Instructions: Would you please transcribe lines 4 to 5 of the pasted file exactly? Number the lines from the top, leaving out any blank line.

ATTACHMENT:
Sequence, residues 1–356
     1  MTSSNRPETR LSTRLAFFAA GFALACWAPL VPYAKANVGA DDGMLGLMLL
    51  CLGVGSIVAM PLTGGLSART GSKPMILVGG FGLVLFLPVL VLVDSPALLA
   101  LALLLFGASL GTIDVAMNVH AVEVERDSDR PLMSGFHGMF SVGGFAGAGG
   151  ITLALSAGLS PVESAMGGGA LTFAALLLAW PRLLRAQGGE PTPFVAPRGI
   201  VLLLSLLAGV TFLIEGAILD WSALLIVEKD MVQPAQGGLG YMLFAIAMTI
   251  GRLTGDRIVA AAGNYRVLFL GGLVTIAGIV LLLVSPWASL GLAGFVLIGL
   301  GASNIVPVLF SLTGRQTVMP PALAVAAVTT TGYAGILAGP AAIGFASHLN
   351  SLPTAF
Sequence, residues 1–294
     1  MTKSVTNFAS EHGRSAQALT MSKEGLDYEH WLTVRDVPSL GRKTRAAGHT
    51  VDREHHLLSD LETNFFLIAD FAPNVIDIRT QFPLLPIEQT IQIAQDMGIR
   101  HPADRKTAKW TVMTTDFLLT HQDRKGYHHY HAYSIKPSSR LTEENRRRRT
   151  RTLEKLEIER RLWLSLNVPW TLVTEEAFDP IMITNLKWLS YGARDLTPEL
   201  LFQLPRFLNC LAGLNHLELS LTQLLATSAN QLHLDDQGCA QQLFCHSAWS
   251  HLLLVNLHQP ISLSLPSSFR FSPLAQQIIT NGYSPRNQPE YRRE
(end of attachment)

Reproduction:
   101  LALLLFGASL GTIDVAMNVH AVEVERDSDR PLMSGFHGMF SVGGFAGAGG
   151  ITLALSAGLS PVESAMGGGA LTFAALLLAW PRLLRAQGGE PTPFVAPRGI